The first session to feature British interest at the IAAF World Indoor Championships, at the Oregon Convention Centre in Portland got underway today in a similar vein the previous evening’s pole vault finals.
Spotlight razzamatazz introductions within the arena were the continued theme, but once they had passed, Morgan Lake (Eldon Lake), the first GB competitor at these championships was able to focus on her first event of the women’s pentathlon.
Starting with the 60m hurdles, she performed cleanly to finish in 8.70 secs – 11th of the 12 competing but having the fillip of knowing her favoured high jump event would be next in the morning timetable.
After waiting for what seemed an absolute age to enter at 1.79m, she was able to clear that easily to lead the pack. Her clean series of first time clearances took her through 1.82m, 1.85m, and a second time clearance of 1.88m sealed victory and a points boost of 1080. This took her to fifth position with 2054 points after two events, with favourite Brianne Theisen Eaton sitting in the gold medal position on 2161 points overall.
Her final event of the morning schedule was the shot put and she performed well to put a best of 13.61m giving her 768 points and an overall 2822 points – consolidating her position of 7th to take into the evening’s session.
On the track, Tom Farrell (Mark Rowland) and Lee Emanuel (Joe Franklin) were next up for GB in the men’s 3000m heats. With a testing first four plus four fastest finishers due to progress, Farrell had the harder task, lining up in the first of the two heats, and he made the best he could by leading the pack through the first nine laps before the field flooded past to make the final 1200m a separate race. His seventh place in 7:59.77 left him waiting on the second race result, but to no avail.
“It was a good experience but I’m not going to make any excuses, I just didn’t have it today. I’ll probably take a bit of downtime now and really get the legs back under me with another big block of training. I probably had the best winter I’ve ever had, leading into the indoor season, for whatever reason, it slipped away,” he said.
“Obviously the main focus this year is Rio, so it’s head back down and get a load of work down. It’s all eyes on the trials now and hopefully Rio.”
Emanuel had a better race and in spite of a similar burst of speed during the second half, he kept in touch within the pack and was competitive in the home straight to finish fourth in 7:53.18 and secure an automatic qualifying spot for Sunday’s final.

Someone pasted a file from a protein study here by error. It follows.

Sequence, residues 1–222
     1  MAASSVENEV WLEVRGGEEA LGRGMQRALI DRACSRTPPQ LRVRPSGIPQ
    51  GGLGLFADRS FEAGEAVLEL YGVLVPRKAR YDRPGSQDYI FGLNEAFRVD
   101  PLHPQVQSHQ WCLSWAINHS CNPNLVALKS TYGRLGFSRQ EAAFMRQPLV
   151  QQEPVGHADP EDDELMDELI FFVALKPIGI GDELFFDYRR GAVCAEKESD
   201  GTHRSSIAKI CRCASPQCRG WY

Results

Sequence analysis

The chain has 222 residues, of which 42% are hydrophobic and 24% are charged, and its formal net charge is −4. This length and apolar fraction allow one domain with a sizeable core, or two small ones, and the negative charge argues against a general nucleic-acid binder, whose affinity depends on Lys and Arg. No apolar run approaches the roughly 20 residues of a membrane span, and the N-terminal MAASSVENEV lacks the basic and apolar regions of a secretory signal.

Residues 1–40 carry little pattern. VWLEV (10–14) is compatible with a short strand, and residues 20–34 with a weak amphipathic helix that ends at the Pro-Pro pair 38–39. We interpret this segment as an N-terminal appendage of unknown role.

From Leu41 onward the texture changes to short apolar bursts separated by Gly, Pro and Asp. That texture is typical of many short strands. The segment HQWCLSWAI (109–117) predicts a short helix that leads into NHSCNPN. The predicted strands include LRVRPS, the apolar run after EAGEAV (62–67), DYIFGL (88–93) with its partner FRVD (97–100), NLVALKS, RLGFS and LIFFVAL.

“I’m happy to be in the final. I had a couple of gears left, it was a bit of a mess – people were falling over and it was a bumpy one,” he said.
“But I got a good line and I knew I was going to qualify anyway with the time, but I thought I’d make it automatic and finish fourth.”
Over in the men’s 60m, James Dasaolu (Steve Fudge) got his world indoor campaign off to a strong start with a win in the second heat in 6.59, easing across the line looking relaxed and pleased to be able to put his last major championship performance behind him.
“It was comfortable and it’s an improvement from Beijing when I went out in the heats, so I’ve learnt from that and I’m happy,” he said.
Andy Robertson (Dan Cossins) also progressed finishing third in his heat with 6.66 from lane two and saving enough for the evening session:
“There’s a lot more in the tank, I got out to 30m hard, but didn’t really attack from 30 onwards, but I will have to do that in the semi if I am going to make the final.”
Qualifying for the evening’s semis and finals was led by Jamaica’s Asafa Powell, whose World leading 6.44 in the fifth heat was a cut above the rest.
Tonight’s GB action will also see British interest in the women’s 60m hurdles, men’s 1500m and the women’s long jump.
Full results are available on https://www.iaaf.org/competitions/iaaf-world-indoor-championships/iaaf-world-indoor-championships-5681/timetable/byday